Screening for hepatitis B virus has become the norm in patients about to undergo anti-tumor-necrosis factor α therapy, but new research finds the risk of reactivation of resolved infections is low.
Screening for hepatitis B virus (HBV) prior to starting anti-tumor necrosis factor α (anti-TNF-α) therapy is increasing, and reactivation of HBV as a result of the therapy occurs only rarely in patients with resolved infections, according to a newly released study.
TNF-α inhibitors have become common treatments for a number of chronic inflammatory diseases. However, since these therapies have immunosuppressive effects, they leave patients vulnerable to opportunistic infections, including HBV reactivation, wrote corresponding author Sami Fidan, MD, of Karadeniz Technical University, in Turkey, and colleagues.
Fidan told HCP Live that the risk can be diminished with proactive action.
“The best way to prevent HBV reactivation caused by anti-TNF is to screen for HBV before treatment and initiatve antiviral prophylaxis in appropriate patients,” Fidan explained. “Therefore, it is recommended that patients be screened for HBV before treatment with TNF-α inhibitors.”
Fidan and colleagues wanted to answer two questions: How often is screening happening, and how common is the problem of HBV reactivation in patients with resolved infections? To get answers, they used data from 1,834 patients who underwent anti-TNF-α therapy in their hospital’s rheumatology, gastroenterology, and dermatology departments between the years 2010 and 2020.
For the purposes of the study, screening was defined as performing an hepatitis B surface antigen (HBsAg) test and/or a hepatitis B core antibody (anti-HBc) test within 6 months of the initiation of anti-TNF therapy. HBV reactivation was defined as the presence of detectable serum HBV DNA or HBsAg seroconversion from negative to positive.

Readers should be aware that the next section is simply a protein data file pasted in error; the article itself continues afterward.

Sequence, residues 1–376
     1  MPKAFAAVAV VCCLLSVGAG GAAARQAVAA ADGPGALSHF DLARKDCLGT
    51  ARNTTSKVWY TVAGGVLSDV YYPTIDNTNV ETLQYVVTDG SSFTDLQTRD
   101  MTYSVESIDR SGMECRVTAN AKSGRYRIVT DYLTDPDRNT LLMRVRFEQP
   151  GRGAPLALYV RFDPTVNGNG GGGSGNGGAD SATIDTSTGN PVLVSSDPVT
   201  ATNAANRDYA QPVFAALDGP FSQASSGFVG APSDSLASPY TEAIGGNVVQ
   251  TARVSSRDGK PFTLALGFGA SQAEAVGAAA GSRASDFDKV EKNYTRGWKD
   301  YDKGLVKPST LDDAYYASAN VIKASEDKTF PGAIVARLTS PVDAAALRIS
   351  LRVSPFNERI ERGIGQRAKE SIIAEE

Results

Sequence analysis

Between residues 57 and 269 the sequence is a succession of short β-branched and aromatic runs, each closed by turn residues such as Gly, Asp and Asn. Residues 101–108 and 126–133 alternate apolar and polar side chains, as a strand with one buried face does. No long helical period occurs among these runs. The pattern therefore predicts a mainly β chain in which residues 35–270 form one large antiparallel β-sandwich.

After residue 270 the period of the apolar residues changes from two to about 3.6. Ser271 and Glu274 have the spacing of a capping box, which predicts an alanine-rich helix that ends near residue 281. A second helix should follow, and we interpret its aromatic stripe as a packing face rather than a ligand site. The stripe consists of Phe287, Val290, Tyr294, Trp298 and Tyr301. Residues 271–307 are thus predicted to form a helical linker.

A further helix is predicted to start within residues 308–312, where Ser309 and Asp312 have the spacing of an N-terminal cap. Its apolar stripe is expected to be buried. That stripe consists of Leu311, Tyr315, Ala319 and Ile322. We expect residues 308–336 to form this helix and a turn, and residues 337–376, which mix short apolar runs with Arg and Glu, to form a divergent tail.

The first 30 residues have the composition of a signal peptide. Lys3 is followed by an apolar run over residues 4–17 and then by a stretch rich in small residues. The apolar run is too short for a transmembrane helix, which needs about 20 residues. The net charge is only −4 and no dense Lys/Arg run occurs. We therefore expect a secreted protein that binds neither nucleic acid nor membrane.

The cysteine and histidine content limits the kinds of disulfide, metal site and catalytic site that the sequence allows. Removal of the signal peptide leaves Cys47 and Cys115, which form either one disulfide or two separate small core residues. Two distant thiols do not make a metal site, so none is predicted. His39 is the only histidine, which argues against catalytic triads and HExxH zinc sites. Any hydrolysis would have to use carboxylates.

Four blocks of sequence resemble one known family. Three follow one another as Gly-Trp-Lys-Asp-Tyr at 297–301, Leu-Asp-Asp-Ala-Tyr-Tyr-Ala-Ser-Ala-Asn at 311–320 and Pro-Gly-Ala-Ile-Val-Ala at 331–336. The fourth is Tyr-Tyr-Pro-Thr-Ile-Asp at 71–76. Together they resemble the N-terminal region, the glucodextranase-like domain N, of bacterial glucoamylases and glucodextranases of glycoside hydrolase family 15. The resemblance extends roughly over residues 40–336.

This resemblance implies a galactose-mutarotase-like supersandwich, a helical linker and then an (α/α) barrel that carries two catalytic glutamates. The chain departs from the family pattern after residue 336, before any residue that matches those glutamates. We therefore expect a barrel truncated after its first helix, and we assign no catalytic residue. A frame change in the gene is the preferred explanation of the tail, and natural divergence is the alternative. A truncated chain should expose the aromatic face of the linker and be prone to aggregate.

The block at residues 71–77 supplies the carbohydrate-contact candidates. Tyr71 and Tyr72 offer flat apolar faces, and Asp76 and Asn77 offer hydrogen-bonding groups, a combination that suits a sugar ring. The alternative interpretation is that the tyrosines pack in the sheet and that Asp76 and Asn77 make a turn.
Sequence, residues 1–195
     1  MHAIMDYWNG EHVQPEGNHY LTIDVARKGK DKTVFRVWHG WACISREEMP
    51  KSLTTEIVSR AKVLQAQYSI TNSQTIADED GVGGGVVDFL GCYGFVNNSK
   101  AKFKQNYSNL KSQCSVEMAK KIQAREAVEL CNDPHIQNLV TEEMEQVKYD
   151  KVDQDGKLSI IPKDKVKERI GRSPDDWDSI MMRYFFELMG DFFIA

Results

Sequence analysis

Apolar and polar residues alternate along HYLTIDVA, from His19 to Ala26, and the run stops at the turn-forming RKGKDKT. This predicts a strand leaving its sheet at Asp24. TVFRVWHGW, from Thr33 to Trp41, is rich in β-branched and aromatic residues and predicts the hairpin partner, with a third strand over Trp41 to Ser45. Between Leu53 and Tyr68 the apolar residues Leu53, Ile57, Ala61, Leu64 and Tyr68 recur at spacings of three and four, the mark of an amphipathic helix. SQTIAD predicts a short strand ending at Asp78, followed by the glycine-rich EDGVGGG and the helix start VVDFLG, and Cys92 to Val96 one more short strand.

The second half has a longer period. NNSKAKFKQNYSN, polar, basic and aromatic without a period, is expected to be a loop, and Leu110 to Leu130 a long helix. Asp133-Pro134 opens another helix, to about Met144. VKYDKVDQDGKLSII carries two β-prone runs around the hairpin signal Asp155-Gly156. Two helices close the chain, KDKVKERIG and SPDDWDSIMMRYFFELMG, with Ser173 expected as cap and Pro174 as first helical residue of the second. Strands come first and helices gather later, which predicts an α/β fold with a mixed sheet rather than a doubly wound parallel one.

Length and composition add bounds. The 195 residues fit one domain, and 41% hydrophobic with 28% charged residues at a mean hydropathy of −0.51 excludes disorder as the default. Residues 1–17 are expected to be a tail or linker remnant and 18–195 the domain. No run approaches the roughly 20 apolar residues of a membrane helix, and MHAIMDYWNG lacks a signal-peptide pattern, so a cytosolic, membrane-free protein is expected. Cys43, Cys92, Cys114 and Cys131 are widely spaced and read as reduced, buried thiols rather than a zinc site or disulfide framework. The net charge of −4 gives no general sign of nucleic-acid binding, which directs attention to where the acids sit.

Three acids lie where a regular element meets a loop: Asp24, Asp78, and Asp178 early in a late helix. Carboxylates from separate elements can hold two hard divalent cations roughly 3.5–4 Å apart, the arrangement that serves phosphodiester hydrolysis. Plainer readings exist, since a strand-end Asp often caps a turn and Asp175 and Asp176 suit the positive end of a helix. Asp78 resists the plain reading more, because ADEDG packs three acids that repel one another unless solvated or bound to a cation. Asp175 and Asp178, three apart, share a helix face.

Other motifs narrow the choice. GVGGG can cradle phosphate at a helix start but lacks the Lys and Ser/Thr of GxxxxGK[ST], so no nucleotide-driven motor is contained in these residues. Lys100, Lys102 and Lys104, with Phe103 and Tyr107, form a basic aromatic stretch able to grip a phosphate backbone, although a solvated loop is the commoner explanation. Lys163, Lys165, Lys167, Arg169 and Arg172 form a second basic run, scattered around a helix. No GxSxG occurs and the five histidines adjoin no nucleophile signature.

At first, in 2010, only about 2 out of 3 patients (64%) were screened for HBV; however, that rate increased significantly to 87.4% Over the entire 10 years, the overall screening rate was 82.3%.
Fidan said the increasing screening rates were likely tied to increasing literature on HBV reactivation, as well as the fact that Turkey is an endemic region for HBV.
“In recent years, awareness of hepatitis B reactivation due to the use of immunosuppressive drugs has increased among physicians,” he said.
Of the patients screened, 272 patients were found to have resolved HBV (based on testing HBsAg negative and anti-HBc positive). Thirty-one of those patients received antiviral prophylaxis, and none of them suffered reactivation of HBV. Even among the 241 patients who received no prophylaxis, only 1 patient (0.4%) saw reactivation of the virus.
The investigators noted that HBV reactivation rates of up to 40% have been reported in other studies of patients with chronic HBV who were given anti-TNF-α therapy. Among those patients, the mortality rate was 5%. However, there has been less study of patients with resolved infections.
Given the rarity of reactivation in patients with resolved, the investigators argued that “it should be discussed whether this patient group requires routine anti-HBc screening, antiviral prophylaxis, and regular HBV DNA monitoring.”
Yet, they cautioned that many patients receiving anti-TNF therapies might also be taking other immunosuppressive drugs, which might complicate the risk profile of these patients. The authors said the question needs to be studied more.
In the meantime, they said their study affirms that HBV screening has become a top-of-mind concern for physicians, a sign that previous warnings have been heeded.
The study, “Risk of hepatitis B reactivation in patients receiving anti‐tumor necrosis factor‐α therapy,” was published online in International Journal of Rheumatic Diseases.